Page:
In my role as ADON, I did supervise all staff including RN's, did evaluations and inserves for all of the medicals staff as well as some of the other departmenst. I did most of the hiring and the firing while I was ADON and no one had an issue with this and that inclued our RN's. I was not one of those nurses that sat behind a desk and gave out orders and never got my feet wet taking care of the residents. I worked the floor as well as did my office duties many, many days because of being short staffed. My staff nurses rarely called in and that was not becasue they were scared of me or were threatened but that I made their job less stressful by helping them and I do not remember ever having an RN comment negatively about having an LPN in charge or one giving out assignments. I have never had an RN quit while I was ADON and I think that should say somethings about LPN skills.

    It is a a little different in an LTC care faciliy than it is in a hospital when it comes to what an LPN can and cannot do. Now, I do agree that there are facilities where an LPN should not be in charge such as hospitals and as far as I know they are not. I have worked with many LPNs that could work circles around the RN's and some were much more clinically experienced than the RN's working. Many time we do the same job and always get paid less. I take pride in being an LPN and if there are facilities that have no phobias about allowing an LPN to perform the ADON duties then why not allow them? There is not any nursing department in the hospital setting that I have not worked in the last 26 years and I have done so because I proved my skills as an LPN and there are many more of us out there that are not given the chance to do the job. What a shame. The hospital I now work (for 10 years) on a telemetry unit, has RN's that tell everyone that I am really the one in charge but that the RN carries the title...LOL including the RN in charge many days. I am the only certified preceptor for our unit and was chosen to do so by my peers both LPN and RN. I think it is funny because I think they actually feel that I am. Why? I have more experience than most of them and there is not one job duty that I have not filled in including monitor tech and unit secretary. Go figure!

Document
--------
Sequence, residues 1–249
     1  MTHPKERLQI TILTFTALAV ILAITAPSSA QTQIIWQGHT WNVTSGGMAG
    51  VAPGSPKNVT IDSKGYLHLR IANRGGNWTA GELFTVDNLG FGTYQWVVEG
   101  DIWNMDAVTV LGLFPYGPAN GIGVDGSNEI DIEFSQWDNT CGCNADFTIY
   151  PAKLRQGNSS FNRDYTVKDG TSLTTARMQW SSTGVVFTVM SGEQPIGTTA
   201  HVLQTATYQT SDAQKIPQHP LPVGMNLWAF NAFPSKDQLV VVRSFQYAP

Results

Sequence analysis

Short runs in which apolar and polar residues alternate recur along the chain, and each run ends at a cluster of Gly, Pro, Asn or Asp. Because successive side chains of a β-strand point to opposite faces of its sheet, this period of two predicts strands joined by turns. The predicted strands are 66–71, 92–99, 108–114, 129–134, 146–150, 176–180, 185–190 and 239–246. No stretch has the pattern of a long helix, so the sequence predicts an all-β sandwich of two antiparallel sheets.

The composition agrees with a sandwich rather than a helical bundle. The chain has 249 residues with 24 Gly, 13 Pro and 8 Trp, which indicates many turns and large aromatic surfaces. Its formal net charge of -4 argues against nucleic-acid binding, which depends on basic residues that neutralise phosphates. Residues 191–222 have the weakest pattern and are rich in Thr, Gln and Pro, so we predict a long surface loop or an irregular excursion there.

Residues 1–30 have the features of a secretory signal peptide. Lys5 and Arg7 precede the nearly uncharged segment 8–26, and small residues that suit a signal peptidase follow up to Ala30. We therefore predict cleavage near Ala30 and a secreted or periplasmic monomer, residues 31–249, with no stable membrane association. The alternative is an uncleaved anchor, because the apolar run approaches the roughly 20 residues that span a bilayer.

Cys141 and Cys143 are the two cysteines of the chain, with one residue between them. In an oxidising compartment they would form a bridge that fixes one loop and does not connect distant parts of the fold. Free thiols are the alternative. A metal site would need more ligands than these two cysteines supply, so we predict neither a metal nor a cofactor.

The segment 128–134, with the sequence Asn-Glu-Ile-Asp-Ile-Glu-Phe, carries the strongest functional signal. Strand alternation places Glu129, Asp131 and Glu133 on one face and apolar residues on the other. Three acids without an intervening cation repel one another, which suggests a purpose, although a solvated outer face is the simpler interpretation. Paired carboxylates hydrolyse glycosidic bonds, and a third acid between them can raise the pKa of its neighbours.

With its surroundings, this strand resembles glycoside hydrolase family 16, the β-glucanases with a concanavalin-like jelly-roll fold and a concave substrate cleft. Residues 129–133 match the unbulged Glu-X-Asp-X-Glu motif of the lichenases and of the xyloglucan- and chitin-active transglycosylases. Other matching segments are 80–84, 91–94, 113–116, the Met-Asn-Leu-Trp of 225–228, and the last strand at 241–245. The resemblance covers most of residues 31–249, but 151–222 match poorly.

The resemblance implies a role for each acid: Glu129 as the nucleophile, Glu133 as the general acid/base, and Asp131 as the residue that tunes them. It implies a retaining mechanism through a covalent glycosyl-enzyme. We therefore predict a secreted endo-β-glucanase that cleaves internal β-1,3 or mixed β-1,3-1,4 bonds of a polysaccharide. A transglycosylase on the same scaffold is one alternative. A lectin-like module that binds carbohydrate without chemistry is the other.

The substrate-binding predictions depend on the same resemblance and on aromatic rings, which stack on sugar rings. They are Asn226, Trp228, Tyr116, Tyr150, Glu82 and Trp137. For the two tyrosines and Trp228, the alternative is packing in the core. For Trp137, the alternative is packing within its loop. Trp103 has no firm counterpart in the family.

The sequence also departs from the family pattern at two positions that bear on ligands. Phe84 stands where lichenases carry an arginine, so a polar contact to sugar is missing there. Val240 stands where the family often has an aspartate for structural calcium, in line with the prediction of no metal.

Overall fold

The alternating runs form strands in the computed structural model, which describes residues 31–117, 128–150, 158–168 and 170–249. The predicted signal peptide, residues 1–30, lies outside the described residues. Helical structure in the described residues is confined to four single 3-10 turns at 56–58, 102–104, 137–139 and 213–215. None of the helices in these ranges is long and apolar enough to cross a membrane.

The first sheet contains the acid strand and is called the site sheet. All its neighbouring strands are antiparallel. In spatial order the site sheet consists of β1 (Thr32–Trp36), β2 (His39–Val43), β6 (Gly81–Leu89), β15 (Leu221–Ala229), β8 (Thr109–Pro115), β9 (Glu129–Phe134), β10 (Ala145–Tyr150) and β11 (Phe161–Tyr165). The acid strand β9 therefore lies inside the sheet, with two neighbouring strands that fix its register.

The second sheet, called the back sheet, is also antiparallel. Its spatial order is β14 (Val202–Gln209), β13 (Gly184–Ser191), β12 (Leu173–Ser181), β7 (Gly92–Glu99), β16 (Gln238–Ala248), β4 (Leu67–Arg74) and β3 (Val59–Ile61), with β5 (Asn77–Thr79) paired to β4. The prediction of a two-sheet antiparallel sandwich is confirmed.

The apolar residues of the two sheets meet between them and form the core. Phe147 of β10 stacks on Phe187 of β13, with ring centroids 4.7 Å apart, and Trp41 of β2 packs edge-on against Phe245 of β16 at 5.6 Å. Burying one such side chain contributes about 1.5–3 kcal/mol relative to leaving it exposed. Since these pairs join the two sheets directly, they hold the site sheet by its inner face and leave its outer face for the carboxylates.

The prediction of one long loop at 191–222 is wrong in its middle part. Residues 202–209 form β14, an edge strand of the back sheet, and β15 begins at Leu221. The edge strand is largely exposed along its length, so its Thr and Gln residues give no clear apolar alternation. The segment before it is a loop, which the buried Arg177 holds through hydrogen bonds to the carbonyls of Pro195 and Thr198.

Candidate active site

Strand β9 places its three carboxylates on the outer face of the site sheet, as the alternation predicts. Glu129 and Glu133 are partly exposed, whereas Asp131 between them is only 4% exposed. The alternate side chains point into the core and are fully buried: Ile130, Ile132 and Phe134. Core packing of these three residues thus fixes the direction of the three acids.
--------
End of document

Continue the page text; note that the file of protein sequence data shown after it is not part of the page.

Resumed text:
I will close with this: when I interviewed for my first ADON position not one person in that facility knew me and there were 23 applicants ahead of me which were all RN's and I still got the job and that was becasue of great references, hard work, and my prayer that God would open the door to what ever job he wanted me in and he did just that.

    Thanks for listening to an LPN who has filled this position successfully and who is still called to this very day by LPN and RN's from those days as an ADON. Dont let your biased opinion keep you from learing from someone who just may be a little more experienced that you even if that is and LPN/LVN.


    Dana
    Excellent post, I too filled in and had every role, as an LPN. I supervised RN's all the time, and never had a complaint from the staff that I supervised. I agree, if the facility will allow it, why are RN's so resistive? IT's because of the RN resistance, over the years, that LPN's were never allowed to simply challenge the RN NCLEX based on experience, say worked as an LPN for say 5 or 10 years, should be able to simply challenge NCLEX, in my opinion.
    As an interesting side note, when I got my RN last year, it was the LPN's that I know that were congratulatory, the RN's I know, not so much. As a DON/RN in SNF...RN's gave me the worst time, seriously, many failed to recognise DON is the primary leader in SNF, many went over my head (they didn't last long) to ED, a lot of testing from even the new 2 year RN's/new grads (Do we really have to do this....why can't I lie...Why can't I falsify...WHy can't I call in, leave early and text continously". I attribute this to young age however since these particular RN's knew me first asn LPN, I think they lacked common respect based on my newness as an RN (seriously?). It is an interesting thing to have people challenge me because I am/was a "new grad". Pretty funny actually.
    student forever likes this.